Tenzone was a highly optimistic attempt to bring free poetry, writing, and art to the masses and publish unknown writers not for money or fame but, well, the hell of it. Tenzone existed in the ’90s around New England and its high water mark was the issue with John Wieners. Wiener’s work was introduced to Tenzone founder Steve Prygoda as an undergrad at UMass by Bill Wellington, with whom Steve became friends with at the campus library. Wellington was well on in years and lived a fascinating life as a jazz horn session man and backed all the greats when they came though Boston — Billie Holliday and Charlie Parker, to name a couple. Steve and Bill became good friends and passed many evenings listening to Bill’s fascinating stories. As was customary at the time, writers like Wieners and musicians like Wellington ran in packs, and Wellington’s fond friendship with Wieners (who at the time was writing The Hotel Wentley Poems) produced “A Poem For Bill Wellington,” which he was kind enough to share. The poem was reprinted in Tenzone #2 as a front piece to the Wieners interview, conducted by Tenzone staffer and New Bedford poet Lew Hammond Stone. Stone and Prygoda, along with Tenzone cofounder Jonathan Maxwell and Stone Soup spirit guide Jack Powers, conducted the meeting with Wieners at Jack’s apartment on Joy Street. The rest of the story unfolds in the interview itself and while the words are verbatim, the night is blurred by a high quantity of cheap beer consumed by all involved. Tenzone disbanded one issue later, and Stone moved on to conduct a series of successful readings at the Roche-Duff Jones House in New Bedford, and as with Wieners and Powers, has since passed away. Maxwell dissipated into the Florida sunshine and Prygoda has remained in the Boston area and by day is a corporate slag, but by night is one-third of the high-energy, low-frills indie rock outfit called my own worst enemy. Since 2000, they have self-released their own records in addition to regularly playing the area clubs not for money or fame but for, well, the hell of it.
Perhaps more than at any other time in recent decades, the influence of North American poetry and poetics on English poetry is surfacing in a number of different ways. Sharing a language but positioned at a distance from the personalities and occasional conflicts between schools and coteries, contemporary English poets combine their North American influences differently, perhaps more flexibly, than North American poets do. As the works collected here demonstrate, the results of these combinations are surprising and exciting, distant and familiar; this poetry is engaging even and especially when considered apart from its influences and precedents from across the pond.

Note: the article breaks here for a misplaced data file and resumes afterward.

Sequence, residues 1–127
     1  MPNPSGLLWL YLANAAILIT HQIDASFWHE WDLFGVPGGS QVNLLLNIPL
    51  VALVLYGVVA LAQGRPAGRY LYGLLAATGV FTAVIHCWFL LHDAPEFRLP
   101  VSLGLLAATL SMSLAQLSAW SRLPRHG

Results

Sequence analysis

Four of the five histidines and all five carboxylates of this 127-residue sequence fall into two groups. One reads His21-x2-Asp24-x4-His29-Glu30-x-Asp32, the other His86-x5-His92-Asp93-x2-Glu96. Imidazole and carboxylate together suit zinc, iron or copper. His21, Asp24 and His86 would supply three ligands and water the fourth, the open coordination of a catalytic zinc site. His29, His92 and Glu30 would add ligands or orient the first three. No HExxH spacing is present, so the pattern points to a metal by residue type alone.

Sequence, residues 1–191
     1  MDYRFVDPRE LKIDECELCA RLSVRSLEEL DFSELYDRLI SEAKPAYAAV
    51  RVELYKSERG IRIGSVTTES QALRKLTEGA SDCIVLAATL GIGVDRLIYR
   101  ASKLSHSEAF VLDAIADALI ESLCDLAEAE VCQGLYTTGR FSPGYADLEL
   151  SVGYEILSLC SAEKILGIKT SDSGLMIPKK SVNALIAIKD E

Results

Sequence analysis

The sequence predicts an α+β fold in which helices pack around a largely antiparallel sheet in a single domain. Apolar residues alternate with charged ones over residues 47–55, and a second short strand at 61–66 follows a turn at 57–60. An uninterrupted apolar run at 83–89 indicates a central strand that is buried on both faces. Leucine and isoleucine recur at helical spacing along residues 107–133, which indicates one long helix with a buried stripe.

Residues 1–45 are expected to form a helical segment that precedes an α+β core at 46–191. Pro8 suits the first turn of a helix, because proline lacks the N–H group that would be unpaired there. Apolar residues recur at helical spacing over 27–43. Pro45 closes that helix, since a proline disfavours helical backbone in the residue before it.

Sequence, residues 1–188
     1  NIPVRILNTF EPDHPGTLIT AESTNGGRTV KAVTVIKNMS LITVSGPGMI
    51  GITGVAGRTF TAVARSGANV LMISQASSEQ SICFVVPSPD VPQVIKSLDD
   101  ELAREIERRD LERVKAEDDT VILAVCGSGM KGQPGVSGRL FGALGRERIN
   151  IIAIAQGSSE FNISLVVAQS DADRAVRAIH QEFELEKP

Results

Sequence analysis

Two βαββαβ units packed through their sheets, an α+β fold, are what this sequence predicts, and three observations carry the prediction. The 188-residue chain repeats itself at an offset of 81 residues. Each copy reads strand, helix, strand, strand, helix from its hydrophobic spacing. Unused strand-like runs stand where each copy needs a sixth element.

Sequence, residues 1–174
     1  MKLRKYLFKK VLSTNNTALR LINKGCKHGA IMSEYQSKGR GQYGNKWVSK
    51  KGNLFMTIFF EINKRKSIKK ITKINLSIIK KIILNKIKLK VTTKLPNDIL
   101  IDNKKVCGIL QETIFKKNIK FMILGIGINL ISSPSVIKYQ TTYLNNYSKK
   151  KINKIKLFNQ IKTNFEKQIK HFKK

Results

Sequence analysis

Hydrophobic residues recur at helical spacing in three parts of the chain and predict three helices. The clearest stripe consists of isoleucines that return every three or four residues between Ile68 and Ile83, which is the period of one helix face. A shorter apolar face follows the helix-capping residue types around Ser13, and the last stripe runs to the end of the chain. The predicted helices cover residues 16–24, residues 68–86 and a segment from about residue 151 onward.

North American groups like the Language poets or institutions such as Black Mountain College and the Kootenay School of Writing have undoubtedly influenced much recent poetry in the UK, including that of Tim Atkins and Holly Pester. This influence, of course, is felt in varying ways and to indistinguishable measures; Atkins and Pester both emphasize the influence of pop-cultural forms such as cartoons and comedies. However, they also foreground their debts to North American communities and groups — for Atkins, Poets Theater in San Francisco has been crucial, while Pester takes her precedents from Canadian sound poets like the Four Horsemen.
From a slightly different quarter, Jeff Hilson and Richard Parker place Olsonian emphasis on breath and line alongside humor that is often similar in tenor to the New York School poets of the 1960s and ’70s. Both Hilson and Parker experiment with the sonnet, which Hilson reminds us has been called an “American form” in the twentieth century. But where Hilson brings together James Schuyler’s lyricism and Ron Silliman’s new sentence, Parker combines Louis Zukofsky’s late style with Herman Melville’s Pierre. Both range freely — and perhaps capriciously — across the terrain of North American writing, wearing their influences on their sleeves.
Contemporary English poets are extending and re-weaving various threads in North American feminist poetics: the work of Amy De’Ath, Sophie Robinson, and Carol Watts is characterized by playful speech rhythms inspired by William Carlos Williams, Lorine Niedecker, and Lisa Jarnot; political commitments; and a somewhat relaxed, nonchalant feminism. The space-clearing gestures of Bernadette Mayer, Rachel Blau DuPlessis, Lyn Hejinian, Alice Notley, and Erín Moure, among others, have enabled these poets’ work, especially their ability to presume the significance of a feminist poetics. As Amy De’Ath explains in her statement: “I don’t feel the need to ‘invent a new and total culture’ that a previous generation felt: in poetry that’s been done for me.”
The poetry compiled here offers a range of perspectives on what’s “been done for me” — on what has come before, and on the possibilities it offers to new poetic projects. It is our hope that this work will extend the conversation among Anglophone poetries further still.
The fifth and final installment of Pam Brown’s feature “Fifty-one Contemporary Poets from Australia” (ordered, “[i]n the interest of objectivity,” by “a recently invented ‘downunder’ method — the reverse alphabet”) includes work from Justin Clemens, Bonny Cassidy, Michelle Cahill, Michael Brennan, Ken Bolton, Judith Bishop, Louis Armand, Chris Andrews, Elizabeth Allen, Ali Alizadeh, and Adam Aitken, along with artwork by Louis Armand and Ken Bolton. You can read Brown’s introduction here, and the first four installments can be found here, here, here, and here. — Michael S. Hennessey